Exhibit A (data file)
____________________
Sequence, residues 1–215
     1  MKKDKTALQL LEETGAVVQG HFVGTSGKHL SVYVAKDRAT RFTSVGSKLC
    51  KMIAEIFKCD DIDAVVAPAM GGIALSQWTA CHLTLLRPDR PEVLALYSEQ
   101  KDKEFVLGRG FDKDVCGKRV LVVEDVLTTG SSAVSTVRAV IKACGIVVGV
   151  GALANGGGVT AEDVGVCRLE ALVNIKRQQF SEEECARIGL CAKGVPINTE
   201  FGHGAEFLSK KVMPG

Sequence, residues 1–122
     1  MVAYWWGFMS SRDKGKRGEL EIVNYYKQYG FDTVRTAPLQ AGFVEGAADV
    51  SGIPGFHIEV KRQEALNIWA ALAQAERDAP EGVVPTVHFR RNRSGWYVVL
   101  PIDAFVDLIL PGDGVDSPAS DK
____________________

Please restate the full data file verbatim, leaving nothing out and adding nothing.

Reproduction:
Sequence, residues 1–215
     1  MKKDKTALQL LEETGAVVQG HFVGTSGKHL SVYVAKDRAT RFTSVGSKLC
    51  KMIAEIFKCD DIDAVVAPAM GGIALSQWTA CHLTLLRPDR PEVLALYSEQ
   101  KDKEFVLGRG FDKDVCGKRV LVVEDVLTTG SSAVSTVRAV IKACGIVVGV
   151  GALANGGGVT AEDVGVCRLE ALVNIKRQQF SEEECARIGL CAKGVPINTE
   201  FGHGAEFLSK KVMPG

Sequence, residues 1–122
     1  MVAYWWGFMS SRDKGKRGEL EIVNYYKQYG FDTVRTAPLQ AGFVEGAADV
    51  SGIPGFHIEV KRQEALNIWA ALAQAERDAP EGVVPTVHFR RNRSGWYVVL
   101  PIDAFVDLIL PGDGVDSPAS DK